Jasmine came to me with a dress she loved. It was a luscious royal blue iridescent Silk Dupioni that fit her perfectly. Her mother made it for her with much skill and love, but as much as she treasured the dress, she wanted to take it up a few notches for a destination wedding.
We talked about the possibilities, but, as I always say; "It all depends on the fabric. That will decide what we will do in the end."
I go to my online fabric sources first since I typically come up empty at Brick 'n Mortar stores (which are, sadly, few and far between anymore.) I can always order swatches, plus it saves time, money and gas.
I presented her with several suggestions, but I always put my personal favorite on the top of the list. Fortunately, this sequined lace on a navy mesh was her favorite too!
What I liked about working with Jasmine, was that she did not over think it and went with her gut instinct.
When it was time for her to pick up the finished piece, she showed up with photographer Mike Ragusa who took terrific product shots for me and stunning portrait shots of Jasmine. (The 3 portrait shots at the end will take you to Mike's website so you can appreciate more of his work.)
Scroll down to see the photos where I go into more detail on the design and construction process.
During the fitting process, Jasmine said, "I think we took it up a lot more than just a few notches. I hope I don't out shine the bride!" She also said, "This is a dress worthy of the Academy Awards!"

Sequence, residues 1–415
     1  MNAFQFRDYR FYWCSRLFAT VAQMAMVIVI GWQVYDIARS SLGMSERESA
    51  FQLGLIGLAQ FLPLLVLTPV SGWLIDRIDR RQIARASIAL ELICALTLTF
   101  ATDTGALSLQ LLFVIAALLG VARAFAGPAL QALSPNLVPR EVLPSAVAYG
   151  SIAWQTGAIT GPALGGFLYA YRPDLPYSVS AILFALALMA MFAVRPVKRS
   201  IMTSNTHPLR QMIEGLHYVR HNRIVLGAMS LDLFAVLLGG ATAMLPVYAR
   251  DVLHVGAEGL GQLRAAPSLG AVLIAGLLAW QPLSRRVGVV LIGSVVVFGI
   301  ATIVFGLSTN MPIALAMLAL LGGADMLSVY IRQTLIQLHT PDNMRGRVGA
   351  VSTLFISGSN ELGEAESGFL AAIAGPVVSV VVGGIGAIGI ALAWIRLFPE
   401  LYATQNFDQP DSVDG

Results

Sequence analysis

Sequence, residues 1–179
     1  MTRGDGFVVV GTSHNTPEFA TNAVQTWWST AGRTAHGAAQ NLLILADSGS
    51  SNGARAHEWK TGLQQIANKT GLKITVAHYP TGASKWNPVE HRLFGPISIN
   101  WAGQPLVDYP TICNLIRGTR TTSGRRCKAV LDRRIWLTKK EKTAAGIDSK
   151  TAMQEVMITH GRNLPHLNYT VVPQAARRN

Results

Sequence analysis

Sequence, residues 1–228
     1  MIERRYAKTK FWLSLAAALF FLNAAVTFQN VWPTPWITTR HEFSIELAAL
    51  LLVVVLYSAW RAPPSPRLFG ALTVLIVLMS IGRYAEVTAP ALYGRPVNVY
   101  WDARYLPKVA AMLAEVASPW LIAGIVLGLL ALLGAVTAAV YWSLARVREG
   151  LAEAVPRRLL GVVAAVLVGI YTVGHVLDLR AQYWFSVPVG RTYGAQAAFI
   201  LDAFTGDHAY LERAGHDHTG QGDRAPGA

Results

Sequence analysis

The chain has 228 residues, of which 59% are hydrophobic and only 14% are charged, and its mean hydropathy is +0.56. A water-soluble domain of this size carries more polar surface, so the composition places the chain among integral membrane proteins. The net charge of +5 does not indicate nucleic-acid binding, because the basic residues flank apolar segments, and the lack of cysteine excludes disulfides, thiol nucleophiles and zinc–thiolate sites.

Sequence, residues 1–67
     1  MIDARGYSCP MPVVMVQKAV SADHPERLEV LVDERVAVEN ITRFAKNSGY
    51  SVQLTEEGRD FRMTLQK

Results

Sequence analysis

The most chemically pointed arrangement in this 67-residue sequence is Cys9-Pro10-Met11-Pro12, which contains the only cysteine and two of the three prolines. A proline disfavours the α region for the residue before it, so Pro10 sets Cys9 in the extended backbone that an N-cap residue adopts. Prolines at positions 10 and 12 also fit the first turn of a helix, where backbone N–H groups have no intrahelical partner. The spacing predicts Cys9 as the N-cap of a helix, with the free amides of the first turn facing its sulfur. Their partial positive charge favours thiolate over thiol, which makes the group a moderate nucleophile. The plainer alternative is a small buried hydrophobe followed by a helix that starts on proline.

As always, see you next Fashion Friday and please fell free to comment below and share with friends.
The detailing of the fabric dictated what we were going to do.
The sheer mesh base allowed the iridescence of the Silk Dupioni to shine through, while the over-the-top lace beading danced over the existing dress.
The scalloped edging was utilized for the waist band and the hem.
PS: It was pretty chilly that morning so I gave her one of my faux fur Capelets to wear on shoulders in between shots.
Here's a lovely detail of the waist.
Since the fabric was sheer, everything was sewn with French Seams and there's an invisible zipper in the back seam.
The original dress had a full skirt so I cut the lace in an A-line and added a slight train that could easily be bustled.
Since our main concern was that the scalloped edging laid perfectly around the waistline, the edging at the hem was added last.
We carefully cut around the lovely detailing and hand stitched with bead work around the entire hem.
Another detail you may not know about working with beaded fabric:
You have to remove the beading close to the seam line and hand sew the beads back in place once the French seam is set.
I'm still finding lovely blue beads and sequins on my studio and my boutique floors (The boutique is where do most of my cutting. Although I have a perfectly good cutting table in my work studio, I still prefer cutting on the floor)
I surprised Jasmine with little wrist bag.
Her shoes were pewter and she was having a hard time finding a bag, so I whipped up a little draw string purse in a silver Silk Dupioni that I just so happened to have lying around.
(One of the many reasons why I hate throwing out my fabric scraps;
you never know when they'll be useful!)
Then I gave her little bag it's very own skirt in the sequined mesh.
What a lovely portrait of Jasmine.
This really shows off Mike Ragusa's skill and talent as a Portrait Photographer.